Over at Marginal Revolution economist Tyler Cowan has started one of those blog trends
, and many other bloggers
like a pack of lemmings.
Congratulations to Scientific Blogging's own Greg Critser
, whose latest book, Eternity Soup is reviewed in Nature
Critser's book is a brilliant exposé of the increasingly popular anti-ageing industry and how its practitioners have misled many people into believing that they can stop or reverse the effects of ageing. Proponents seem to argue: ageing is your fault; we have an unproven cure for sale that no one has disproved; scientists and physicians who disagree with us operate in a failed paradigm; and our patients tell us they feel better, therefore our treatments work.
Mark Ptashne, Oliver Hobert, and Eric Davidson talk sense on epigenomics
We were astonished to see two sentences in your Editorial on the International Human Epigenome Consortium (Nature 463, 587; 2010) that seem to disregard principles of gene regulation and of evolutionary and developmental biology that have been established during the past 50 years.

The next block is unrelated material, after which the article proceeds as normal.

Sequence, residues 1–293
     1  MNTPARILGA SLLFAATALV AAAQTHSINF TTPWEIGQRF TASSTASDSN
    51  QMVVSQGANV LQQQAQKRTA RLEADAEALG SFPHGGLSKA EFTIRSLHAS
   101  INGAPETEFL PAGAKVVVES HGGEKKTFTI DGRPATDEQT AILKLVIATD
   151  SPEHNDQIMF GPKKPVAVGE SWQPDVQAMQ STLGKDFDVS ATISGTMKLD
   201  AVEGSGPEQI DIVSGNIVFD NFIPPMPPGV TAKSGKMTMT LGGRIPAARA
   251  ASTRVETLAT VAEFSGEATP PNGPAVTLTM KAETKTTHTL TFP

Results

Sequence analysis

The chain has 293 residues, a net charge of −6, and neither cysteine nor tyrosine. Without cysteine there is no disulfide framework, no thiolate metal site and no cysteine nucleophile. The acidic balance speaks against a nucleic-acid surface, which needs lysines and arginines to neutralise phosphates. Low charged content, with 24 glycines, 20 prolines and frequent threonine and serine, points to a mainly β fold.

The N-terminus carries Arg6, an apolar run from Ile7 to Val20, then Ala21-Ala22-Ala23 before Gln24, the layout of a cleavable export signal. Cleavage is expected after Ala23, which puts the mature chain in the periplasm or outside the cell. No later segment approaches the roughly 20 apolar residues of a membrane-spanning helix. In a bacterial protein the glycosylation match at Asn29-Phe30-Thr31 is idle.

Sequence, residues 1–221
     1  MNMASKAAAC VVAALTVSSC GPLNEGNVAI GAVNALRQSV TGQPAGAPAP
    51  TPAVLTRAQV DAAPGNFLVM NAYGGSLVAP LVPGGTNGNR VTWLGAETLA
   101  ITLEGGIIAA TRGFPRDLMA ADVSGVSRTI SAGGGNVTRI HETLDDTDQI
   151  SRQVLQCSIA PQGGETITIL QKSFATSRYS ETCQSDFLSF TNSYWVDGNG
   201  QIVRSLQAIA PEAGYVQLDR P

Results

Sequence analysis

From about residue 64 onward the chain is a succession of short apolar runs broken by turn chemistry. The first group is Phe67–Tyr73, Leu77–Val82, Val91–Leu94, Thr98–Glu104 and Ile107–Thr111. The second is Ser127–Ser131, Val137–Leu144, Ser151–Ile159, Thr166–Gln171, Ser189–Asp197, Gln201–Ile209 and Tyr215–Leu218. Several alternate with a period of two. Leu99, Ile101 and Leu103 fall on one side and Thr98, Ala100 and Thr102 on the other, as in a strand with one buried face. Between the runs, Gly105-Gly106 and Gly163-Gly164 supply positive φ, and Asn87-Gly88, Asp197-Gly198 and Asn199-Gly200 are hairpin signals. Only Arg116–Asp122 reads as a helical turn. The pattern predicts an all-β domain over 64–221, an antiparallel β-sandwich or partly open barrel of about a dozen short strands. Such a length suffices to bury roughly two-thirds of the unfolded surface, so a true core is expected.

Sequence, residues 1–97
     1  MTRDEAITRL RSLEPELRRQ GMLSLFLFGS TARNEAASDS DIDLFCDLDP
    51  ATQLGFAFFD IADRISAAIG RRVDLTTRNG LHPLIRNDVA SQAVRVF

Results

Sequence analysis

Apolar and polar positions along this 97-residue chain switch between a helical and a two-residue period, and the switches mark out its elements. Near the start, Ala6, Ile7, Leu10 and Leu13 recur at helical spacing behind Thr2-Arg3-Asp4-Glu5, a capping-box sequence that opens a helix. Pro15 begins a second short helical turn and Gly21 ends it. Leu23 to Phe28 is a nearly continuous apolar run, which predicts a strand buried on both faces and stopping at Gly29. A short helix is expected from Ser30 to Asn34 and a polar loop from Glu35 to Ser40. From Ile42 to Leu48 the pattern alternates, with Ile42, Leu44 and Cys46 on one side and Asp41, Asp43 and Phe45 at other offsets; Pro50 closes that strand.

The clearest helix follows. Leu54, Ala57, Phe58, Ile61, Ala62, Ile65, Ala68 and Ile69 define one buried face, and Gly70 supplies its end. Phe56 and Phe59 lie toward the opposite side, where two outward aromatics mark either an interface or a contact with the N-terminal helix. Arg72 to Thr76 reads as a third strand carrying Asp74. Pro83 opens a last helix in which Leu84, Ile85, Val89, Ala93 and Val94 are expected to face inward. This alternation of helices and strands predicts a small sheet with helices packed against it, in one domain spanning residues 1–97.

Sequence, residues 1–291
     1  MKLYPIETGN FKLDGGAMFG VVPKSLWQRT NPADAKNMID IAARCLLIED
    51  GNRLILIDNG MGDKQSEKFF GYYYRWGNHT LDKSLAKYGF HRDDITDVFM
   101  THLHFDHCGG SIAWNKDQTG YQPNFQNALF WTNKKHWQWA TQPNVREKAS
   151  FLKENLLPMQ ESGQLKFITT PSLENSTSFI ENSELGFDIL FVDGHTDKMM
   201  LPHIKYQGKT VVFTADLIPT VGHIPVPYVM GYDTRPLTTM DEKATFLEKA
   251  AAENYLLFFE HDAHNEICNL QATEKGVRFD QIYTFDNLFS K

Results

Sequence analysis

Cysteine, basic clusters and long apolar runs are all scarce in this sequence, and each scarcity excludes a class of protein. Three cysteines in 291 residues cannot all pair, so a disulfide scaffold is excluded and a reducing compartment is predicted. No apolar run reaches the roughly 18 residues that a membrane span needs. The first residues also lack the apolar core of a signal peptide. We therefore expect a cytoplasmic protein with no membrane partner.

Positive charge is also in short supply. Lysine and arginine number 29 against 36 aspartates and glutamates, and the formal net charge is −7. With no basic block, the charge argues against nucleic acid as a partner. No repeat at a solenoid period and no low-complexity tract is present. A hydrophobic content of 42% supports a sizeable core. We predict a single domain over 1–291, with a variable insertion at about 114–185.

At the New York Review of Books, physicist and science writer Jeremy Bernstein tells what it's like to witness an atomic explosion:
I've heard a senior colleague say that there is nothing fundamental left to be discovered in biology. It's a nagging worry some people have, including myself. What's left, according to some (including one of molecular biology's founders Sydney Brenner), is to work out the details of particular systems, implied by already established paradigms - kind like chemistry.